September 25, 2014

Stanley Kubrick’s Photos of New York Life in the 40s

Self portrait with showgirl Rosemary Williams 1948

Before he became famous for directing films like A Clockwork Orange, Lolita, and Dr. Strangelove, Stanley Kubrick was a poor kid from the Bronx who worked as a photojournalist for Look magazine. (He was their youngest staff photographer on record.) Kubrick’s striking black and white images of 1940s New York City — which were often shot on the sly, his camera concealed in a paper bag with a hole in it — hint at the dark beauty and psychological drama of his later creative output. Stanley Kubrick’s Dramatic Photos of 1940s New York City – Flavorwire





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Posted by gerardvanderleun at September 25, 2014 9:52 PM
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"It is impossible to speak in such a way that you cannot be misunderstood." -- Karl Popper N.B.: Comments are moderated and may not appear immediately. Comments that exceed the obscenity or stupidity limits will be either edited or expunged.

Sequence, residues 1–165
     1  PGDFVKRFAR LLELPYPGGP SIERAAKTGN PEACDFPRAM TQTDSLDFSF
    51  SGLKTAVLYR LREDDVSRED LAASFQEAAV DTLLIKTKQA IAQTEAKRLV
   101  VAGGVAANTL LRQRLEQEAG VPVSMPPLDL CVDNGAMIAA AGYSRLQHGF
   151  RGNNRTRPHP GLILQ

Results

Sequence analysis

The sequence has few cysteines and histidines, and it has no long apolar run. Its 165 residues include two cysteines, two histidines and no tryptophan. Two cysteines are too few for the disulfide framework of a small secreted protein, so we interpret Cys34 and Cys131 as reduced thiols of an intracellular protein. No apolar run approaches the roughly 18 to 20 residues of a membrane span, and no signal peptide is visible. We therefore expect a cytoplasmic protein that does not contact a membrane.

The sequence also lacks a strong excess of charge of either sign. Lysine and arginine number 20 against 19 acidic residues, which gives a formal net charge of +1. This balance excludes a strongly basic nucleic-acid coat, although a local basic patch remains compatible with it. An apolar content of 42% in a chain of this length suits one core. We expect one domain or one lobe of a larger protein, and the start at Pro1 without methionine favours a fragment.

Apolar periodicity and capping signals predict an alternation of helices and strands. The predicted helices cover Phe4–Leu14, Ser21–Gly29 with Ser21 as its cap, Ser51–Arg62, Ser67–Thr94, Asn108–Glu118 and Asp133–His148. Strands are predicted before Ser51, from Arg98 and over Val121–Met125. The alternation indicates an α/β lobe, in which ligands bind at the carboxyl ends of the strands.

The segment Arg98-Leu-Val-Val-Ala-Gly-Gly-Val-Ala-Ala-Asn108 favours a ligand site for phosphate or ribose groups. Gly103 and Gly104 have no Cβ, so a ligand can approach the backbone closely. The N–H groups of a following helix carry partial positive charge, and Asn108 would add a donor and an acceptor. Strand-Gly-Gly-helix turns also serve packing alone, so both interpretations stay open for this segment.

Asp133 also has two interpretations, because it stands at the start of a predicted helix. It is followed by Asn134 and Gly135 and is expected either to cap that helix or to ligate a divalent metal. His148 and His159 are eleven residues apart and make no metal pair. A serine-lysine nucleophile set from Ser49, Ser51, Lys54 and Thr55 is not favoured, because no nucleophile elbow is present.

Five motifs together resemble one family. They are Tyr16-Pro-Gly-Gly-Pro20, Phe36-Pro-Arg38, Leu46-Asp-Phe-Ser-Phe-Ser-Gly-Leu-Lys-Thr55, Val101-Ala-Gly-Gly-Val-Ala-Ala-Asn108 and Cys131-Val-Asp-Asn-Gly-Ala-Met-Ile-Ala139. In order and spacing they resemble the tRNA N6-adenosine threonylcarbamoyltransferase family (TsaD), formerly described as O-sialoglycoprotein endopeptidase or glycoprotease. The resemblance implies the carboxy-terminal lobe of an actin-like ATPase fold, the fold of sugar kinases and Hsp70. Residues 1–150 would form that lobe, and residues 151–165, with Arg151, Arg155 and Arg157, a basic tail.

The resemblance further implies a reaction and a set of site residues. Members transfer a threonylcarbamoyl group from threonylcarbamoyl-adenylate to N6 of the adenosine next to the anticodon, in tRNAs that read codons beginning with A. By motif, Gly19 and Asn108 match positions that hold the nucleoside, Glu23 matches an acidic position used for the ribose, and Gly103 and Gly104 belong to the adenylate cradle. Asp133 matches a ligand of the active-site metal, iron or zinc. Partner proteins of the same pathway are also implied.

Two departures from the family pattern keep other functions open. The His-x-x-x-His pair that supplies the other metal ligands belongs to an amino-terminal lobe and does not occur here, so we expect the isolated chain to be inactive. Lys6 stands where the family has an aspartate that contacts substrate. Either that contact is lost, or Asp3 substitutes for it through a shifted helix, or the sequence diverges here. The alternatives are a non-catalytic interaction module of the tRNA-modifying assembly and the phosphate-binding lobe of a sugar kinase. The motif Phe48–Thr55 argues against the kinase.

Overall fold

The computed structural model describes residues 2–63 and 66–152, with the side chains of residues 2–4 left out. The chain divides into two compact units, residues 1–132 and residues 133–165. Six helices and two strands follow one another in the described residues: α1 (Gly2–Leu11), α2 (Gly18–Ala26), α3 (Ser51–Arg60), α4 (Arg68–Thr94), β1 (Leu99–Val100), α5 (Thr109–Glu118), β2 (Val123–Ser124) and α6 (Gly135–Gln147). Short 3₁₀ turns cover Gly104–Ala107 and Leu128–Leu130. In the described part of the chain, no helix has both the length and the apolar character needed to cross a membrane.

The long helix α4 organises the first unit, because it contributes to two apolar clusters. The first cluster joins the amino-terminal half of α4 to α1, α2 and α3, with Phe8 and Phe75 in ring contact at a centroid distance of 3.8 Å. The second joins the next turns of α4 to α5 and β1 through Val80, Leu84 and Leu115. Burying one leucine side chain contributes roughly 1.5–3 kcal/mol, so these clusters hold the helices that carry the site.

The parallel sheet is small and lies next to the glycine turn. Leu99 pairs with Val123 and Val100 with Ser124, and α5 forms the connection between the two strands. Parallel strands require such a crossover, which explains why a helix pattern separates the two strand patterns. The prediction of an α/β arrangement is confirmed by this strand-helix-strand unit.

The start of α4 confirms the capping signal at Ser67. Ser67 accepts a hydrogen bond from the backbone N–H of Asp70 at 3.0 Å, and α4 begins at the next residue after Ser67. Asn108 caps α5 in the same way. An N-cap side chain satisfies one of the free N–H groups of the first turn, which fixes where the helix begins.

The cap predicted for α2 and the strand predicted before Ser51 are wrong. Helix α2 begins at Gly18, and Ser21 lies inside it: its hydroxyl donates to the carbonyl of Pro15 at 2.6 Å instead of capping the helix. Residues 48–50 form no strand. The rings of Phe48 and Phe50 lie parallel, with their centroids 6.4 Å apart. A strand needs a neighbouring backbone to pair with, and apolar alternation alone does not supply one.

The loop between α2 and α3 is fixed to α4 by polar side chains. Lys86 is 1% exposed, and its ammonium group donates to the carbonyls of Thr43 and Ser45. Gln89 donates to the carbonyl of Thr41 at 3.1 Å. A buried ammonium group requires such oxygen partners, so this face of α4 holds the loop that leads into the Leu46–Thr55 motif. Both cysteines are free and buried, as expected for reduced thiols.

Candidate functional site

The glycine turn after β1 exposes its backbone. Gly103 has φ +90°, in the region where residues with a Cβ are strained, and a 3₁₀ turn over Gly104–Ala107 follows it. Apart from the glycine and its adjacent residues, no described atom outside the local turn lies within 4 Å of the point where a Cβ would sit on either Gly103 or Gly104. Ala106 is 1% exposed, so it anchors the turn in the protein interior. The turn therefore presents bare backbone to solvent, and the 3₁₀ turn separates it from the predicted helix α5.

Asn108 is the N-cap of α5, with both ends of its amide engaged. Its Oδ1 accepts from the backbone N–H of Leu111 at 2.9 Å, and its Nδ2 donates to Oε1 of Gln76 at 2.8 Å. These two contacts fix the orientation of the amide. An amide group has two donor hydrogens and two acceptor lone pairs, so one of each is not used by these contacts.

Tell me again why Checker Cabs were banned from NYC, in favor of the more (something or other) sedans?

Posted by: CaptDMO at September 26, 2014 9:53 AM

I like Ike.

At this point, I'd like Adlai Stevenson.

Posted by: mushroom at September 26, 2014 2:29 PM

That high-heeled anthropoid ought to be arrested for trying to roll that kid in the hirsute costume.

Posted by: Howard Nelson at September 26, 2014 4:50 PM

He looks like Mr. Bean.

Posted by: Steve at September 26, 2014 8:37 PM